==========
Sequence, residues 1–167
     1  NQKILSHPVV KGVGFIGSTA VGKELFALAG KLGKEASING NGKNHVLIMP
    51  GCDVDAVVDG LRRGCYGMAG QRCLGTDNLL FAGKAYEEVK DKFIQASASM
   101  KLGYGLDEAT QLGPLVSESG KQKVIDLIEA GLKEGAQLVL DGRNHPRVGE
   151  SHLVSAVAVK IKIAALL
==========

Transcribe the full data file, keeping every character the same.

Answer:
Sequence, residues 1–167
     1  NQKILSHPVV KGVGFIGSTA VGKELFALAG KLGKEASING NGKNHVLIMP
    51  GCDVDAVVDG LRRGCYGMAG QRCLGTDNLL FAGKAYEEVK DKFIQASASM
   101  KLGYGLDEAT QLGPLVSESG KQKVIDLIEA GLKEGAQLVL DGRNHPRVGE
   151  SHLVSAVAVK IKIAALL